culpa

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See also: culpá and culpă

English[edit]

Etymology[edit]

Latin

Noun[edit]

culpa ‎(plural culpae)

  1. (law) negligence or fault, as distinguishable from dolus (deceit, fraud), which implies intent, culpa being imputable to defect of intellect, dolus to defect of heart
    (Can we find and add a quotation of Wharton to this entry?)

Part or all of this entry has been imported from the 1913 edition of Webster’s Dictionary, which is now free of copyright and hence in the public domain. The imported definitions may be significantly out of date, and any more recent senses may be completely missing.


Catalan[edit]

Etymology[edit]

From Latin culpa.

Noun[edit]

culpa f ‎(plural culpes)

  1. fault, blame
  2. guilt

Derived terms[edit]


Latin[edit]

Etymology[edit]

EB1911 - Volume 01 - Page 001 - 1.svg This entry lacks etymological information. If you are familiar with the origin of this term, please add it to the page per etymology instructions. You can also discuss it at the Etymology Scriptorium.

Pronunciation[edit]

Noun[edit]

culpa f ‎(genitive culpae); first declension

  1. fault, defect
  2. crime

Inflection[edit]

First declension.

Case Singular Plural
nominative culpa culpae
genitive culpae culpārum
dative culpae culpīs
accusative culpam culpās
ablative culpā culpīs
vocative culpa culpae

Descendants[edit]

Verb[edit]

culpā

  1. second-person singular present active imperative of culpō

References[edit]

  • culpa in Charlton T. Lewis & Charles Short (1879) A Latin Dictionary, Oxford: Clarendon Press
  • culpa in Charlton T. Lewis (1891) An Elementary Latin Dictionary, New York: Harper & Brothers
  • CULPA in Charles du Fresne du Cange’s Glossarium Mediæ et Infimæ Latinitatis (augmented edition, 1883–1887)
  • culpa in Félix Gaffiot (1934), Dictionnaire Illustré Latin-Français, Paris: Hachette.
  • Meissner, Carl; Auden, Henry William (1894) Latin Phrase-Book[1], London: Macmillan and Co.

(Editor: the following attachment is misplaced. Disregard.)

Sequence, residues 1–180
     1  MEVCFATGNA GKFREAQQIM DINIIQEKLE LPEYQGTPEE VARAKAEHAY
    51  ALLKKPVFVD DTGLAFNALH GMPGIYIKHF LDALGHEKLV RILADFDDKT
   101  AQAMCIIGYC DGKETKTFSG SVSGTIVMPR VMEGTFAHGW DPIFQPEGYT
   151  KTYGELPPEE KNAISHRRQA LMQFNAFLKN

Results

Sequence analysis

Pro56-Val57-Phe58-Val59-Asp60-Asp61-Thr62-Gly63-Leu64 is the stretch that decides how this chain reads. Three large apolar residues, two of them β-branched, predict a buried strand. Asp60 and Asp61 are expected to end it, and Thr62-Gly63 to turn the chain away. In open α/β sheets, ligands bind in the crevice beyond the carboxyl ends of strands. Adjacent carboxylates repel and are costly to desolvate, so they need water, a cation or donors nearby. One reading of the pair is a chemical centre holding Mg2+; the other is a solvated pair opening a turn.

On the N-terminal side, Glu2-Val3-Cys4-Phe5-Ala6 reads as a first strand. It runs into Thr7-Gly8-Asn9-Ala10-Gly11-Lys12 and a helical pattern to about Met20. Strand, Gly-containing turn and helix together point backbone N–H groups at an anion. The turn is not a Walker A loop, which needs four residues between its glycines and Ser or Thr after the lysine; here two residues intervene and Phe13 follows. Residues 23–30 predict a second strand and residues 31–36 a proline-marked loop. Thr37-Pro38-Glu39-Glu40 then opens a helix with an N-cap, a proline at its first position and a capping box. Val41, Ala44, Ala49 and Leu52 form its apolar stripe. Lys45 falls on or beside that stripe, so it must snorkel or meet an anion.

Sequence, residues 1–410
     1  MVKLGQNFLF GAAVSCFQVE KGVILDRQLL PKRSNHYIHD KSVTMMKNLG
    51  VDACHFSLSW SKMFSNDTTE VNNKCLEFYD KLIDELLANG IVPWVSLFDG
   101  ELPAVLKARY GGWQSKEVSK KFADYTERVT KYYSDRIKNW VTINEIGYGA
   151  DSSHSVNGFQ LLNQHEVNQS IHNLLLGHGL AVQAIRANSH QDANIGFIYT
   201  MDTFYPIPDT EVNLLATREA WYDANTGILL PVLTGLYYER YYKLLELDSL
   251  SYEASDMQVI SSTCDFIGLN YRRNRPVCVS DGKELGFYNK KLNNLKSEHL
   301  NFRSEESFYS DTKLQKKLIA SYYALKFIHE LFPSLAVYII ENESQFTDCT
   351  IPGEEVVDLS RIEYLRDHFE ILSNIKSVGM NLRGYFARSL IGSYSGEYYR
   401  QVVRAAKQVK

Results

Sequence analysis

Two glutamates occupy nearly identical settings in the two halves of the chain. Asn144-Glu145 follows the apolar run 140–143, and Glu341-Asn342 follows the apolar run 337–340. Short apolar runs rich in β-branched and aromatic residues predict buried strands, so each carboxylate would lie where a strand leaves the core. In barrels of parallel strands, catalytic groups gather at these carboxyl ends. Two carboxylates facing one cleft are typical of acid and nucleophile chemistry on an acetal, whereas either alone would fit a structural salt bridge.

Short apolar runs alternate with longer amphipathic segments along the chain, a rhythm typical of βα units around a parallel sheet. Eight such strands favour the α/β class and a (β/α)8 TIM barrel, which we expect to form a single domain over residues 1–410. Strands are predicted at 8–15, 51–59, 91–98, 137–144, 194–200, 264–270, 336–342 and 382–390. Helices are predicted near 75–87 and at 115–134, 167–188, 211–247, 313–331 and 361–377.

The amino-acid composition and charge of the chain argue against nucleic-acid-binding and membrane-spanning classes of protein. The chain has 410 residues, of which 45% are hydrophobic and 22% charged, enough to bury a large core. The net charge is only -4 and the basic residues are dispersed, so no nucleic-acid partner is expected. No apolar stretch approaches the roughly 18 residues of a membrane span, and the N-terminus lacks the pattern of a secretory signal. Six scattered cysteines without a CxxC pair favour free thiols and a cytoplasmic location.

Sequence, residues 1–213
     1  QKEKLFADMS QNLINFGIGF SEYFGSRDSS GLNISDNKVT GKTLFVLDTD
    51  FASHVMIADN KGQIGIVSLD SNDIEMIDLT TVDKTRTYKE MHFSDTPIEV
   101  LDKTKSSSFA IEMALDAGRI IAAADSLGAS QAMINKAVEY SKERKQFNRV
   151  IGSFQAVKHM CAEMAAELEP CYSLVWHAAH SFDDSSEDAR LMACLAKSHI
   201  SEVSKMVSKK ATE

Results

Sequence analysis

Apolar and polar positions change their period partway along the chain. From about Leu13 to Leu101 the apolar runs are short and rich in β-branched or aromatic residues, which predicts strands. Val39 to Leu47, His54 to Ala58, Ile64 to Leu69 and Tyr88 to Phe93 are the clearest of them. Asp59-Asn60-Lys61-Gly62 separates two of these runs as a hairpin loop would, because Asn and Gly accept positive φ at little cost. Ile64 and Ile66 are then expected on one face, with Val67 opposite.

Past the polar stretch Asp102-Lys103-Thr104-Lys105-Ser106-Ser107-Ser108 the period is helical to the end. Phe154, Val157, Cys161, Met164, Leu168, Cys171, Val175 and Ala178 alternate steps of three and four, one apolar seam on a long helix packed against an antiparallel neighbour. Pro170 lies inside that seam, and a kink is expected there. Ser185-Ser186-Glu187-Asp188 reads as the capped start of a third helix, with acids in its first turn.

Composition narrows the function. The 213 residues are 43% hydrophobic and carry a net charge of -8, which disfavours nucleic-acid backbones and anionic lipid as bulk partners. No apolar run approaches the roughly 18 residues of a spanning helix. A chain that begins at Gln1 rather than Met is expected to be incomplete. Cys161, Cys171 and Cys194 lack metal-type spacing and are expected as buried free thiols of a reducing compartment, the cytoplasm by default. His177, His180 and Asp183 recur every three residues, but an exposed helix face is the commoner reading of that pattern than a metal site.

• a guilty conscience: conscientia mala or peccatorum, culpae, sceleris, delicti
    • to be conscious of no ill deed: nullius culpae sibi conscium esse
    • to be free from blame: extra culpam esse
    • to be almost culpable: affinem esse culpae
    • to put the blame on another: culpam in aliquem conferre, transferre, conicere
    • to attribute the fault to some one: culpam alicui attribuere, assignare
    • to commit some blameworthy action: culpam committere, contrahere
    • to commit some blameworthy action: facinus, culpam in se admittere
    • to bear the blame of a thing: culpam alicuius rei sustinere
    • to exonerate oneself from blame: culpam a se amovere
    • (ambiguous) to be at fault; to blame; culpable: in culpa esse
    • (ambiguous) some one is to blame in a matter; it is some one's fault: culpa alicuius rei est in aliquo
    • (ambiguous) it is my fault: mea culpa est
    • (ambiguous) to be free from blame: culpa carere, vacare
    • (ambiguous) to be free from blame: abesse a culpa
    • (ambiguous) to be almost culpable: prope abesse a culpa
  • culpa in Harry Thurston Peck, editor (1898) Harper's Dictionary of Classical Antiquities, New York: Harper & Brothers
  • culpa in William Smith et al., editor (1890) A Dictionary of Greek and Roman Antiquities, London: William Wayte. G. E. Marindin

Portuguese[edit]

Etymology[edit]

From Old Portuguese culpa, from Latin culpa.

Pronunciation[edit]

Noun[edit]

culpa f (plural culpas)

  1. fault

Quotations[edit]

For usage examples of this term, see Citations:culpa.


Spanish[edit]

Etymology[edit]

From Latin culpa

Noun[edit]

culpa f ‎(plural culpas)

  1. fault
  2. guilt

Derived terms[edit]

Related terms[edit]

Verb[edit]

culpa

  1. Informal second-person singular () affirmative imperative form of culpar.
  2. Formal second-person singular (usted) present indicative form of culpar.
  3. Third-person singular (él, ella, also used with usted?) present indicative form of culpar.